Remember the famous Bendgate iPhone 6 Plus scandal? It hasn’t been that long ago, but Bendgate became a famous black mark on Apple’s reputation when the company’s very first phablet, the 5.5-inch iPhone 6 Plus, was highlighted for its design flaw. Unbox Therapy’s very own Lewis Hilsenteger made his way into the spotlight by showing how easily the iPhone 6 Plus could be bent when hand pressure was applied to it. Of course, “Lou” had to upload a second video regarding the issue because Apple fanboys scoffed and claimed he was anti-Apple – as though that would nullify the accuracy of the “bending” iPhone 6 Plus.
Well, Apple took time to show in a publicized interview that its testing lab works hard to ensure that such issues do not occur, despite the fact that Lou isn’t a bodybuilder and yet, he could bend an iPhone 6 Plus easily. The second bending video was performed outside of an Apple Store so as to give the suggestion of objectivity. Lou bent the second iPhone 6 Plus in a matter of seconds.
The issue with #Bendgate (which also became a favorite social media hashtag) concerned the volume rocker and power buttons of the iPhone 6 Plus; at the same location as the volume rocker, there was a design flaw in the material, allowing Lou to bend the same place on each iPhone 6 Plus.
Lou is back to take a look at the upcoming iPhone 6s, and he decided to weigh the section around the volume rocker/power button on the iPhone 6 Plus and the iPhone 6s (not the Plus version, mind you). The iPhone 6 Plus volume rocker/power button location weighed 1.14mm, while the iPhone 6s volume/power combo weighed in at 1.9mm, with the iPhone 6s volume/power location being nearly double in weight as that of the iPhone 6 Plus.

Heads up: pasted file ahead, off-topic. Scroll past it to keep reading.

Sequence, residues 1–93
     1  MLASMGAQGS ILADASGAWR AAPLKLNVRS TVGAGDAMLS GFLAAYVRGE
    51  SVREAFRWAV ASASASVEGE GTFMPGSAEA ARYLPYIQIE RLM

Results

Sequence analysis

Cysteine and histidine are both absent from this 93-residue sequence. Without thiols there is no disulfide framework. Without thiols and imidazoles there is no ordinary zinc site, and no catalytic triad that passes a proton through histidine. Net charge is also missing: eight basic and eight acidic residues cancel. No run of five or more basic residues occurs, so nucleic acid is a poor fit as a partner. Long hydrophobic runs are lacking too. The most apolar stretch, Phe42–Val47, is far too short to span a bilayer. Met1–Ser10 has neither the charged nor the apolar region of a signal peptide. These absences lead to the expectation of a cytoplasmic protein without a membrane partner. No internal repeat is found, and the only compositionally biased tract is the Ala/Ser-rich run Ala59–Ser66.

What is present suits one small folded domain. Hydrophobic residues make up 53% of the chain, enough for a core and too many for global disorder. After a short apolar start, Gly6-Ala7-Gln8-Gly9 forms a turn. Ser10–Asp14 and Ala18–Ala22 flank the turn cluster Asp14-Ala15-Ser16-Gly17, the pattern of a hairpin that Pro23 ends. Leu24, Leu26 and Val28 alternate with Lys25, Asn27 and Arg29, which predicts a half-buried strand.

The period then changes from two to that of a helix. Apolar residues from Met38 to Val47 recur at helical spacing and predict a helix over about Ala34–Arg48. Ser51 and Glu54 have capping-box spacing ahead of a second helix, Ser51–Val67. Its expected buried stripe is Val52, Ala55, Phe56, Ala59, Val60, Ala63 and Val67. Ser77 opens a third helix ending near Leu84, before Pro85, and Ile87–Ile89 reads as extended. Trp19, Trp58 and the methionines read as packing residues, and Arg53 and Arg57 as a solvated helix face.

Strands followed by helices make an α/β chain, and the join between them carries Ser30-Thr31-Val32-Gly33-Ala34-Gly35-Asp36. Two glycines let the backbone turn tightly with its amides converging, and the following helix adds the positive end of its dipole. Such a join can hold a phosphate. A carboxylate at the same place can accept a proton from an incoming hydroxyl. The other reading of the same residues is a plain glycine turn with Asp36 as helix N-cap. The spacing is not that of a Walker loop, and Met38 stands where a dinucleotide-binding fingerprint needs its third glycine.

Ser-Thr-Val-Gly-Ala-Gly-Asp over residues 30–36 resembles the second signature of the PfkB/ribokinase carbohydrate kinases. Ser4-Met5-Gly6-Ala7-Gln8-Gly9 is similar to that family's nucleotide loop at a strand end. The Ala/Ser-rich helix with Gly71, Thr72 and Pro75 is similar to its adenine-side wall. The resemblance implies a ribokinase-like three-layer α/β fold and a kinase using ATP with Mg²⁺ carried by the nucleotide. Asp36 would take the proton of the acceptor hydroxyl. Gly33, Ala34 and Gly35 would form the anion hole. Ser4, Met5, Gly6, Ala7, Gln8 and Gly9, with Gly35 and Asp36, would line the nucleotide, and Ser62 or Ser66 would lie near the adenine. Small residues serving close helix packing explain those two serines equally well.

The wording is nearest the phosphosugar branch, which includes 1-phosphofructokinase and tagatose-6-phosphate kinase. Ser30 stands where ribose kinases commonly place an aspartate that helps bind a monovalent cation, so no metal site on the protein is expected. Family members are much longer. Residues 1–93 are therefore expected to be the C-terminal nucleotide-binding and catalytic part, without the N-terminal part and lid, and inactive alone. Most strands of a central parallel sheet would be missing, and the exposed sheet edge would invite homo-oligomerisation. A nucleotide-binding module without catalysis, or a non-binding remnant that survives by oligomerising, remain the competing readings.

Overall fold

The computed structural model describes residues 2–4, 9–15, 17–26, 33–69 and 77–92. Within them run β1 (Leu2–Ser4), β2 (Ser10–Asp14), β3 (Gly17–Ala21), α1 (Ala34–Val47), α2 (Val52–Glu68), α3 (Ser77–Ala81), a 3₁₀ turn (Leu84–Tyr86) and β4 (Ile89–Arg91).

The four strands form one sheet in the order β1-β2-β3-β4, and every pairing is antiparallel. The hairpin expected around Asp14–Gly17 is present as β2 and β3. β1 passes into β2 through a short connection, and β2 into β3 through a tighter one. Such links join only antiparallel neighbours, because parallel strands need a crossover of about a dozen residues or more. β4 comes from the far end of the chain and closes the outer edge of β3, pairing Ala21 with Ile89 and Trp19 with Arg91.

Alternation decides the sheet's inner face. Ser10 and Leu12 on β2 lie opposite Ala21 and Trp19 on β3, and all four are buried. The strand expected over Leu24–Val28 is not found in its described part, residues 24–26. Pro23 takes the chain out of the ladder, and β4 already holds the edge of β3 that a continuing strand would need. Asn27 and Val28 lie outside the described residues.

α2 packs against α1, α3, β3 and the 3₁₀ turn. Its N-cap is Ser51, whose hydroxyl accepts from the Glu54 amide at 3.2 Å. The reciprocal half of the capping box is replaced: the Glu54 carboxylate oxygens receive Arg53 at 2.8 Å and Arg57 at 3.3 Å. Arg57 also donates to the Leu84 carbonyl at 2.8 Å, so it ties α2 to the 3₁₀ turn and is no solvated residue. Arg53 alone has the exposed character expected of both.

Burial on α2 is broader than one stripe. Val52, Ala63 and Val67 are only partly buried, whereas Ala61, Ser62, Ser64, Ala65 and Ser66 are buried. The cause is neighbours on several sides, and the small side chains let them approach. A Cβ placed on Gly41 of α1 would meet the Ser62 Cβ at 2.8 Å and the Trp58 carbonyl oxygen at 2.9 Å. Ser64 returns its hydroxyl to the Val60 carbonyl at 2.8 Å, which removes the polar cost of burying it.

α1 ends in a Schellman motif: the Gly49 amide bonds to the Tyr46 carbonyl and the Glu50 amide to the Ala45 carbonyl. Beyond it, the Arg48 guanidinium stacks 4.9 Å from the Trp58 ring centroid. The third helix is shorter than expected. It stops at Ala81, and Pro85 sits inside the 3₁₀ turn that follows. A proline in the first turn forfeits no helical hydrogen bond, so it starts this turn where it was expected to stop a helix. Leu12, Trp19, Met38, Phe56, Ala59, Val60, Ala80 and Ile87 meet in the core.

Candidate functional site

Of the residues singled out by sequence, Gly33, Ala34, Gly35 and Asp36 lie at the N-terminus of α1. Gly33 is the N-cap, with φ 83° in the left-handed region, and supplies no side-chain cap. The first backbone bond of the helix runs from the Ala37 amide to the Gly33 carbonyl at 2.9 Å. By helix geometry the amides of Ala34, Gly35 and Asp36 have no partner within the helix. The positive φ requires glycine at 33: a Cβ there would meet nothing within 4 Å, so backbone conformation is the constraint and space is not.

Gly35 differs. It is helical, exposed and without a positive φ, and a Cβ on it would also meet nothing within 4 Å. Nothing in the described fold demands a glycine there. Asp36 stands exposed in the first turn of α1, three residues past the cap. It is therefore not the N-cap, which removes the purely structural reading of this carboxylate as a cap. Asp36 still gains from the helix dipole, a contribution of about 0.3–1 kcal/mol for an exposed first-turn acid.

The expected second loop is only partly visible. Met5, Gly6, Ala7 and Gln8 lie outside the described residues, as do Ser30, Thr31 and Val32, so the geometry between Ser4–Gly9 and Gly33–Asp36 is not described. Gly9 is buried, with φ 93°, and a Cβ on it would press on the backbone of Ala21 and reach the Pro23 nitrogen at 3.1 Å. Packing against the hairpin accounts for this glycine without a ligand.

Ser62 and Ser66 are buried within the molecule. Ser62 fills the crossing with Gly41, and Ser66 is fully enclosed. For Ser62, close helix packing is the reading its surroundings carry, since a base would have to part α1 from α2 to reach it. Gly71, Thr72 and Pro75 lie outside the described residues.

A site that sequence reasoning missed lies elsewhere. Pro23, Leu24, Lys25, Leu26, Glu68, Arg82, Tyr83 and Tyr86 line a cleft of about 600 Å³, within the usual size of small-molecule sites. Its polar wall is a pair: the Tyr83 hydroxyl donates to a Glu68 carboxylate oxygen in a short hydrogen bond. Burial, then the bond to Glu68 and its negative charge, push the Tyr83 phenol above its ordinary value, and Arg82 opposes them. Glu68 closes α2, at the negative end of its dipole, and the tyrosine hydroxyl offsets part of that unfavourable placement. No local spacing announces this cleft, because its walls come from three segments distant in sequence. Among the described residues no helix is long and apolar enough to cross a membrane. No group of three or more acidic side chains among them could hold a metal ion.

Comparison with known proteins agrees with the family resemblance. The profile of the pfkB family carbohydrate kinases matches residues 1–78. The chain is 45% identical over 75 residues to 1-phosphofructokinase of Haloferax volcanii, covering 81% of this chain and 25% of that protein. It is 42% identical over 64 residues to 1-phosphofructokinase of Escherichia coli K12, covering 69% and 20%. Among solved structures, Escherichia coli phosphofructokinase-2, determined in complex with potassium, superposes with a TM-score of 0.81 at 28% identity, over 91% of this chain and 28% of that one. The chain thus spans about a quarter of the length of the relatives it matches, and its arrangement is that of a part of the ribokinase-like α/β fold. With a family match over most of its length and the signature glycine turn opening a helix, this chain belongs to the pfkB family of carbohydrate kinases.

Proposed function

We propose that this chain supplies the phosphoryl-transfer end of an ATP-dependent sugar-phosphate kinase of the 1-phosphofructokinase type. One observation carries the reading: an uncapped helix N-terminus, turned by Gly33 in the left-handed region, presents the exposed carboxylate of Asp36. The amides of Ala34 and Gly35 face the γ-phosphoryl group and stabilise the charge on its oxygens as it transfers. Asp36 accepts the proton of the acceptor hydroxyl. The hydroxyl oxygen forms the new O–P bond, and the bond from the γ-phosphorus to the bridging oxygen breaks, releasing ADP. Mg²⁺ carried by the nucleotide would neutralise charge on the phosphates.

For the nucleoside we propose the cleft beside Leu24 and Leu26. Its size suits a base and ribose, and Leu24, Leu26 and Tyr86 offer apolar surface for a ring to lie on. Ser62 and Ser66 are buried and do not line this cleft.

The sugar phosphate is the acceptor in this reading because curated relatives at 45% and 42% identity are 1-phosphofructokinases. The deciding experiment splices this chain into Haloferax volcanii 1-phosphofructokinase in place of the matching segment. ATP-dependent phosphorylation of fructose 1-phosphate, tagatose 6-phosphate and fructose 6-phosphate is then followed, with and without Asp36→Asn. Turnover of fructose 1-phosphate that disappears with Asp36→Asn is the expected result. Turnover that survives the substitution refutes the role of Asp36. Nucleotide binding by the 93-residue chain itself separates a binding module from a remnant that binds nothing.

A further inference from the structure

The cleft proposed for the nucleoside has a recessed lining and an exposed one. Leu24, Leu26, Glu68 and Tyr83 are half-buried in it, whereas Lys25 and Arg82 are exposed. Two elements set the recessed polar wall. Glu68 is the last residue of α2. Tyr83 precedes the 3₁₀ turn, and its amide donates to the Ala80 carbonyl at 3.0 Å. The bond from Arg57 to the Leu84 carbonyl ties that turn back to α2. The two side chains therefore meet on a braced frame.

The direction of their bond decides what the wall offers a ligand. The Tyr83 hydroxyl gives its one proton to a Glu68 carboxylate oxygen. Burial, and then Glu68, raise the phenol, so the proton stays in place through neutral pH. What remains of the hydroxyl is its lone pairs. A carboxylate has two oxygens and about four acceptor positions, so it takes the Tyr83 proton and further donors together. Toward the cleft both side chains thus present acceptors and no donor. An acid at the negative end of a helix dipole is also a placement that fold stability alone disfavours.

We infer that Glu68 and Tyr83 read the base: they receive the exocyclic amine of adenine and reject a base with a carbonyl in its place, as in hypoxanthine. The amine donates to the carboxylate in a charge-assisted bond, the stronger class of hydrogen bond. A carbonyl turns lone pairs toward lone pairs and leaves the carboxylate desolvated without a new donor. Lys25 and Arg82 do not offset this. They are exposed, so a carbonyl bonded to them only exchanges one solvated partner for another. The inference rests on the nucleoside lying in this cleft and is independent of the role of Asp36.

The same thing could be said for the Purple Haze Controversy that followed the iPhone 5 after it was released. Some tech reviewers wrote Apple complaining about a mysterious purple haze that appeared in every photo (whether indoors or outdoors) and Apple’s higher-up admins told one tech reviewer, who worked for tech site Gizmodo at the time, that he was “holding the iPhone wrong.” In other words, because he was holding it up at the sun, the sunlight was hitting the camera lens and producing the purple haze. Some say that the issue had been the camera lens, but Apple seems to have fixed the problem in the iPhone 5s.
Tim Cook went public after the scandal, claiming that “only 9” people had bending iPhones, but YouTube went wild with numerous individuals who claimed that their iPhone 6 Plus models were bending – even when placed in a front pant pocket (not a hip pocket). Even after the Bendgate whispers died down, Apple started counting the number of flawed iPhone 6 Plus models that were brought back or sent back to local Apple Stores.
In any case, it looks as though, in early examination, Apple intends to fix the design flaw with this year’s iPhone 6s and 6s Plus. The thickness of the location near the volume and power buttons tells the story, even if Apple says nothing at all. Check out Lou’s iPhone 6s examination at the source link below.